Hunger: A Memoir of (My) Body by Roxane Gay was one of my most anticipated books this year, and I was very excited to see that it was on sale on Kindle a couple of weeks back.
In her phenomenally popular essays and long-running Tumblr blog, Roxane Gay has written with intimacy and sensitivity about food and body, using her own emotional and psychological struggles as a means of exploring our shared anxieties over pleasure, consumption, appearance, and health. As a woman who describes her own body as “wildly undisciplined,” Roxane understands the tension between desire and denial, between self-comfort and self-care. In Hunger, she explores her own past—including the devastating act of violence that acted as a turning point in her young life—and brings readers along on her journey to understand and ultimately save herself.
With the bracing candor, vulnerability, and power that have made her one of the most admired writers of her generation, Roxane explores what it means to learn to take care of yourself: how to feed your hungers for delicious and satisfying food, a smaller and safer body, and a body that can love and be loved—in a time when the bigger you are, the smaller your world becomes.
It is very difficult to do a review of a book like this, simply because it is such a personal narrative. I feel almost like a review is a very presumptuous thing to do – and honestly, I’m not sure what exactly I can say. Hunger was an amazingly painful book to read, and, I can only imagine, an even more painful one to write. It talks about race, weight, sexual assault, Gay’s specific cultural background, sexism, and many other extremely important topics. (Needless to say there are all the trigger warnings for this book.)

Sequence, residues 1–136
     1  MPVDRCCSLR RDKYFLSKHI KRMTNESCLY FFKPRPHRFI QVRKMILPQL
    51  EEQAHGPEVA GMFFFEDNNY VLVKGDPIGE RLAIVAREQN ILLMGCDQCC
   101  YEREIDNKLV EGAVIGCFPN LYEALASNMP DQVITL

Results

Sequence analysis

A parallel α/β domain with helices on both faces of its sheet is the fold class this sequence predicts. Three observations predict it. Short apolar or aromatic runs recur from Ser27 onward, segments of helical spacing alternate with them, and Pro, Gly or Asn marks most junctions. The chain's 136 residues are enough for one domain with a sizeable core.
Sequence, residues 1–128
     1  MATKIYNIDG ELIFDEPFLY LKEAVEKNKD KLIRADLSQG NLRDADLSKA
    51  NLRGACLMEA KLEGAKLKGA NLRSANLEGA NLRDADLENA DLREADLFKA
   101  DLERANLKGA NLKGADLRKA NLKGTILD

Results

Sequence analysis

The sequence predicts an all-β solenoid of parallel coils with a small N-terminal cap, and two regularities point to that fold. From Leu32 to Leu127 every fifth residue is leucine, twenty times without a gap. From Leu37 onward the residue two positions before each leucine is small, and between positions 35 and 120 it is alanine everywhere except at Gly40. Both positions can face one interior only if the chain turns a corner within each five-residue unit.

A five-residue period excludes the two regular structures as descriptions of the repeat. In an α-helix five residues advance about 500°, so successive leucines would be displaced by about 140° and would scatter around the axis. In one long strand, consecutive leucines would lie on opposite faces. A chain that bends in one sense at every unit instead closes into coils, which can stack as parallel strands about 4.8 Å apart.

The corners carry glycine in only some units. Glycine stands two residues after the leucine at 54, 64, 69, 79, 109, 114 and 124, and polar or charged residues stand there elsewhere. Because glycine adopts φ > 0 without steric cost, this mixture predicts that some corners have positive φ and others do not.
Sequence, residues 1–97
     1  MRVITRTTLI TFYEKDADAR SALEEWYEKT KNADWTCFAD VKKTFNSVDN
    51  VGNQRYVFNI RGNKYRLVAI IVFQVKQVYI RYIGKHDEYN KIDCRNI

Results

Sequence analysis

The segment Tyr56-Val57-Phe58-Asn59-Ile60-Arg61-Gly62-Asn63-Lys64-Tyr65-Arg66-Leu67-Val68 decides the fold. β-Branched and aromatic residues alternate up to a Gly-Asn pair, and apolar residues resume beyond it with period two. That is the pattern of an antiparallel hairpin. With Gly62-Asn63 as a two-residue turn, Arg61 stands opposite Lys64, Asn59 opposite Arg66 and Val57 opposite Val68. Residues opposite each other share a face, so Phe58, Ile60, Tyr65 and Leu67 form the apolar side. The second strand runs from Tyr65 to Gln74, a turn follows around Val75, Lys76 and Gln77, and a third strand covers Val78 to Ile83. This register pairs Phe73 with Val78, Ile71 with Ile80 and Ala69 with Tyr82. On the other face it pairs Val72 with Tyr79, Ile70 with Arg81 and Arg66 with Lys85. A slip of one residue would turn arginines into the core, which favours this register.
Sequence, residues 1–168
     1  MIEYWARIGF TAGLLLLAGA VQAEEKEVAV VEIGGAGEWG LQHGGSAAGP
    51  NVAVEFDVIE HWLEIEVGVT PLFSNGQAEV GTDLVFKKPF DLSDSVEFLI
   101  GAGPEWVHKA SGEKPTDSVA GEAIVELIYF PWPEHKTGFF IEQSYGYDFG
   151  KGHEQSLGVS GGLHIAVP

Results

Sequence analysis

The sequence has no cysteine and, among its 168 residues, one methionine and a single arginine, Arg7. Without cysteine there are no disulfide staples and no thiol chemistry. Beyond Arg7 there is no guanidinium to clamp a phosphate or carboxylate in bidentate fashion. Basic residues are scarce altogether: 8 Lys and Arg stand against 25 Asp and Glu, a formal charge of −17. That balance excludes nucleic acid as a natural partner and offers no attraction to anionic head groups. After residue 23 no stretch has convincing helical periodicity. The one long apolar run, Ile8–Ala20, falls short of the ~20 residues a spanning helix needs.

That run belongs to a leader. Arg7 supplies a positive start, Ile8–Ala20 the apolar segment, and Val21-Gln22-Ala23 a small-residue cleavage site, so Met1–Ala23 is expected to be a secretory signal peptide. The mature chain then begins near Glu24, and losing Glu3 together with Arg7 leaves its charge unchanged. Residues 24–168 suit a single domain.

One of the most arresting things about this book is that this is not a recovery story, or a success story, or anything like that. It is just a story of a woman, and her experiences as a ‘super morbidly obese’ person. I found all of her thoughts about fat positivity fascinating:
To be clear, the fat acceptance movement is important, affirming, and profoundly necessary, but I also believe that part of fat acceptance is accepting that some of us struggle with body image and haven’t reached a place of peace and unconditional self-acceptance.
Gay is unafraid to be absolutely raw and honest in this book, in a way that I honestly don’t think I’ve ever read before, even in the most soul-bearing of memoirs. She tells readers things that she hasn’t even told her own family – indeed, she reveals that until Bad Feminist was released, her family had no idea she had been a victim of sexual assault.
This was differently written than any of the other books I’ve read by Gay. It’s much more stream of consciousness than other groups of essays, such as Bad Feminist. I can completely understand why, given the nature of the book. It feels like you’re reading her diary, or are sitting in on a stream of consciousness therapy session. However, this did cause it to become a little repetitive at times, and the chapters are sometimes a little too short. This was the one downside to this book, for me.
This is not an easy book by any stretch of the imagination. It is necessarily messy and personal, and exactly what the world needs.